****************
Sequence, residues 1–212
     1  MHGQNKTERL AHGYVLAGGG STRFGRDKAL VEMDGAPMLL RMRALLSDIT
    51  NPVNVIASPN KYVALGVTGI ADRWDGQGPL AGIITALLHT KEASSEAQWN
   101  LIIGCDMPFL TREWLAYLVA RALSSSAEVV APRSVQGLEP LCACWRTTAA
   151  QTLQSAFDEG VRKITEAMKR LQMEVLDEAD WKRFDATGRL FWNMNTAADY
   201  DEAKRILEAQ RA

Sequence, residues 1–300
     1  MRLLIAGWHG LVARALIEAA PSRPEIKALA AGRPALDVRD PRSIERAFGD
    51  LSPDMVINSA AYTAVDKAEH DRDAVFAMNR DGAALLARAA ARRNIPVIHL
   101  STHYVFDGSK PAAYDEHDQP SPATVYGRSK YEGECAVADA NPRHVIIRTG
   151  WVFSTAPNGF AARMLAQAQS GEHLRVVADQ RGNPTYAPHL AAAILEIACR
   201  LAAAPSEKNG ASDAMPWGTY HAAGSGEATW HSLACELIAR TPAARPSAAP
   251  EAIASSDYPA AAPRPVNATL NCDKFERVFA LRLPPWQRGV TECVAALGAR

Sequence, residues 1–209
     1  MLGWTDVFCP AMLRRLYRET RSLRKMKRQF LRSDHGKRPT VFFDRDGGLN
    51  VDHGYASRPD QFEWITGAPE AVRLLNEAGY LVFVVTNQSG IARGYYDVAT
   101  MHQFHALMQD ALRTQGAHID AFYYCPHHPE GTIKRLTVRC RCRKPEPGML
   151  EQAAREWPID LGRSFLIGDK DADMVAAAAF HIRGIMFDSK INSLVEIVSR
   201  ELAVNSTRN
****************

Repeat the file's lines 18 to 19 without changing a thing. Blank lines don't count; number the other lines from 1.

   151  EQAAREWPID LGRSFLIGDK DADMVAAAAF HIRGIMFDSK INSLVEIVSR
   201  ELAVNSTRN